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Nations Don’t Need Carbon to Grow Their Economies, Says John Kerry | GZERO World

Nations don’t need carbon to grow their economies, says John Kerry

If John Kerry were only able to accomplish one thing as US climate change czar, he'd focus on changing the minds of the one-third of countries in the world that say they're "entitled" to pollute because they didn't before.

For Kerry, it's a fallacy that heavy carbon use is the only way to develop an economy because these nations can leapfrog from fossil fuels to renewable energy.

If we are able to cut by half the amount of carbon we're now releasing into the atmosphere by the end of the decade, he says, we may be able to meet the Paris Climate Agreement goal of keeping global temperature rise below 1.5 degrees Celsius.

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Do Individual Carbon Footprints Really Matter? | Elizabeth Kolbert | GZERO World

Do individual carbon footprints really matter?

Do we spend too much time thinking about our own carbon footprints and not enough time thinking about bigger factors? Climate journalist Elizabeth Kolbert acknowledges it's necessary for individuals to make changes in the way they live, but that isn't the number one priority.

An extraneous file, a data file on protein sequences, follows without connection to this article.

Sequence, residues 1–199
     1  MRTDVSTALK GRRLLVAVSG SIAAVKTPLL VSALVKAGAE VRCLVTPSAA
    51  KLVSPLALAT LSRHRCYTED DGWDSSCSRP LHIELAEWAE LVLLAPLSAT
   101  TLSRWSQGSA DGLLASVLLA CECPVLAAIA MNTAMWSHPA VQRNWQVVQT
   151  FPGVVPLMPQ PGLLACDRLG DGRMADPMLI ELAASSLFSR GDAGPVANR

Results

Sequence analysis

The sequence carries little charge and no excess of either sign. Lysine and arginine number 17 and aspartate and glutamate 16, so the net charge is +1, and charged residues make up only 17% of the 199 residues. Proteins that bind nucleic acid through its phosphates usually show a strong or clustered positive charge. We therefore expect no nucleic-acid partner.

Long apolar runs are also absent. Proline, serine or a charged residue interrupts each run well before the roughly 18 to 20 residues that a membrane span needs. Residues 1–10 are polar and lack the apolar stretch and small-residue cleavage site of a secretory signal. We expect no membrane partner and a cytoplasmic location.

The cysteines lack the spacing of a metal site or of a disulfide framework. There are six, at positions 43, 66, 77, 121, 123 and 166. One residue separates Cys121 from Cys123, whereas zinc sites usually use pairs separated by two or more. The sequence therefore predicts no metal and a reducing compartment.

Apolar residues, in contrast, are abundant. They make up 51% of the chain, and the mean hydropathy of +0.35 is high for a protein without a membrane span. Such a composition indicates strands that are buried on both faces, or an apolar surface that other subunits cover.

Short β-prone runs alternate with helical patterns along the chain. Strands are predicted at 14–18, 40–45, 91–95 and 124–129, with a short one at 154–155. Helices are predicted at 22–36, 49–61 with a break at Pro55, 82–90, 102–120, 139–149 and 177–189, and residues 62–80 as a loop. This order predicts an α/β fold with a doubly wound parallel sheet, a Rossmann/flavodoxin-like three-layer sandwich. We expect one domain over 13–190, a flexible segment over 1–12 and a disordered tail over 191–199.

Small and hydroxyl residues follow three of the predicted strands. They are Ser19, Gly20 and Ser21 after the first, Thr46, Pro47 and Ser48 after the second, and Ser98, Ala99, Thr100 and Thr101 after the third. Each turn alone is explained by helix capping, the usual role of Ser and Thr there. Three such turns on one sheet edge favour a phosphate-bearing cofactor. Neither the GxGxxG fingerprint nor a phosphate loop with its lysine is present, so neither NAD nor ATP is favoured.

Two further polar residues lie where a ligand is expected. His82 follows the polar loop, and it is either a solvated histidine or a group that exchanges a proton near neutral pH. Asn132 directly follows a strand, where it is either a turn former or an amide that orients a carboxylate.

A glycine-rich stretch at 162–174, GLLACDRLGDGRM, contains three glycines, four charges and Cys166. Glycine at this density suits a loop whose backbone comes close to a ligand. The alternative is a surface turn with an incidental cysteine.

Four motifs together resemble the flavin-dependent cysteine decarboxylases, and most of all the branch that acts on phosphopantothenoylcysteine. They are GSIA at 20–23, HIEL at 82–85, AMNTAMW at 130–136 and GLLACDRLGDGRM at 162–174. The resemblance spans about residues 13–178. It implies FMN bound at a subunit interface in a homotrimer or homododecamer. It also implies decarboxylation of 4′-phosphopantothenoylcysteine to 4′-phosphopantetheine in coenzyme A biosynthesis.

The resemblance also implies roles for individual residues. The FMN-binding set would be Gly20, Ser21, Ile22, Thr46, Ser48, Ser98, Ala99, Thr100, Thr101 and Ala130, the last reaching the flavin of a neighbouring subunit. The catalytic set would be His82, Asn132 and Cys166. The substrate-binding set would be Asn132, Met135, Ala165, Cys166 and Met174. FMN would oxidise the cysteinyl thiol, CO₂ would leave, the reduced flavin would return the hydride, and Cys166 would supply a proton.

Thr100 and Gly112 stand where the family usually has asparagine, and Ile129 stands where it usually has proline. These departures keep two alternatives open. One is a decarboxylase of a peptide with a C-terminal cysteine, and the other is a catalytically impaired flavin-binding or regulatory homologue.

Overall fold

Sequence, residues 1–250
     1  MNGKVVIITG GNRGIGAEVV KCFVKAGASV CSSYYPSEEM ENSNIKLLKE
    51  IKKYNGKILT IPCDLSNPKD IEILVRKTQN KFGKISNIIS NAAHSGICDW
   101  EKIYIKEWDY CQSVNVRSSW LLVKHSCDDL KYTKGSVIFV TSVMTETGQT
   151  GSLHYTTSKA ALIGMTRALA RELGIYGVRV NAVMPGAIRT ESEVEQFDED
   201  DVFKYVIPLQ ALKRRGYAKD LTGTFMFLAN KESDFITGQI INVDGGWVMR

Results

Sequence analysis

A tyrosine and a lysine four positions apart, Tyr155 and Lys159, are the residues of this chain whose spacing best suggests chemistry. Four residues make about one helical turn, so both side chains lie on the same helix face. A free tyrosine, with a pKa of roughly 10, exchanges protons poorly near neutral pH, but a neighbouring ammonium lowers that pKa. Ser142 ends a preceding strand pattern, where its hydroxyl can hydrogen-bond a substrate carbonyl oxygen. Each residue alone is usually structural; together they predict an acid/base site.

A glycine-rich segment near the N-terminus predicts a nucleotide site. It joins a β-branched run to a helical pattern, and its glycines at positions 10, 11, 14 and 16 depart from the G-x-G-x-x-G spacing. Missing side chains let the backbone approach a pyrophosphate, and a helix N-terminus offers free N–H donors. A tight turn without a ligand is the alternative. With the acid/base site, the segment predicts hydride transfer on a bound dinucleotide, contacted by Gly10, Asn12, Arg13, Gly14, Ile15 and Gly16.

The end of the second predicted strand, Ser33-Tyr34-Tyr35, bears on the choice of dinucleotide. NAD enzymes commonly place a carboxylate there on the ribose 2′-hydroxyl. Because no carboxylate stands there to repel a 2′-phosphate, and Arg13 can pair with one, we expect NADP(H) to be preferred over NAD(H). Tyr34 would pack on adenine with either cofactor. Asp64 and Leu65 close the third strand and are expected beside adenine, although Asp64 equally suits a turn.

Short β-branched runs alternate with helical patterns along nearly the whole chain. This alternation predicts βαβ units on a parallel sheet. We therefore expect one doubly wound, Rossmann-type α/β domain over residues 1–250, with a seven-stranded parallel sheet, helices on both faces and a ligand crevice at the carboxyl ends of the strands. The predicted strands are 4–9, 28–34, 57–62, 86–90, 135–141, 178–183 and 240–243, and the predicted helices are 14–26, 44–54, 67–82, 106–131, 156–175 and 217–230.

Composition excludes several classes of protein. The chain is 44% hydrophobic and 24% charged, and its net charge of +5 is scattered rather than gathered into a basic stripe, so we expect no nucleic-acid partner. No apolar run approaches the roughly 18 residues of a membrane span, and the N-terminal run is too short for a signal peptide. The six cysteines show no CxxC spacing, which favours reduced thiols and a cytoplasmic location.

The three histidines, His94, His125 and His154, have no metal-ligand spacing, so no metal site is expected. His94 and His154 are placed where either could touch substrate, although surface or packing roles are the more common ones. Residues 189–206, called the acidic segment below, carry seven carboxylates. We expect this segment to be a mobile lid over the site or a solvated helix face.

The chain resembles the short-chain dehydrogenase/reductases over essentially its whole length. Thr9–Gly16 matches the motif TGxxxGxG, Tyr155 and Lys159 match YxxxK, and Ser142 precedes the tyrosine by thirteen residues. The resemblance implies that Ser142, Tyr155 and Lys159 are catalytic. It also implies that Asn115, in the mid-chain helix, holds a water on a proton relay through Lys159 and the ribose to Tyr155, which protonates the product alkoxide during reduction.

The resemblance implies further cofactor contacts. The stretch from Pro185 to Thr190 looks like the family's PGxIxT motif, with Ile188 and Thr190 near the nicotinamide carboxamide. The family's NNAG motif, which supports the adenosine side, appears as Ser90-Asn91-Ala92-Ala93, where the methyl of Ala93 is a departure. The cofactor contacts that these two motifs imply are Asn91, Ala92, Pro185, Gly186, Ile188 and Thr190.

"What would you do to try to move this battleship in a new direction? It requires public policy levers. And it requires … some pretty serious legislation." Ian Bremmer spoke with Kolbert, an award-winning journalist and author and staff writer at The New Yorker, on a new episode of GZERO World, airing on US public television.

Watch the episode: Can We Fix the Planet the Same Way We Broke It?

Biden says “America is back” on climate — do others buy it?

US President Joe Biden's highly anticipated two-day climate summit opens on Thursday, when dozens of world leaders and bigshot CEOs will gather (virtually) to try to save the planet. Above all, the US is looking to showcase the idea that "America is back" on climate change. But will other countries buy it?

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Paige Fusco

Who will still listen to the US on climate policy?

The Biden administration's much ballyhooed Earth Day Summit this week promises to be revealing. We're going to learn a little about what additional action a few dozen of the world's largest emitters are willing to take on climate change, and a lot more about which countries are willing to take such action at the behest of the United States.

Call it a situational assessment of the status of American power just shy of Biden's 100th day in office.

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Getty Images

Podcast: Can we fix the planet the same way we broke it? Elizabeth Kolbert on extreme climate solutions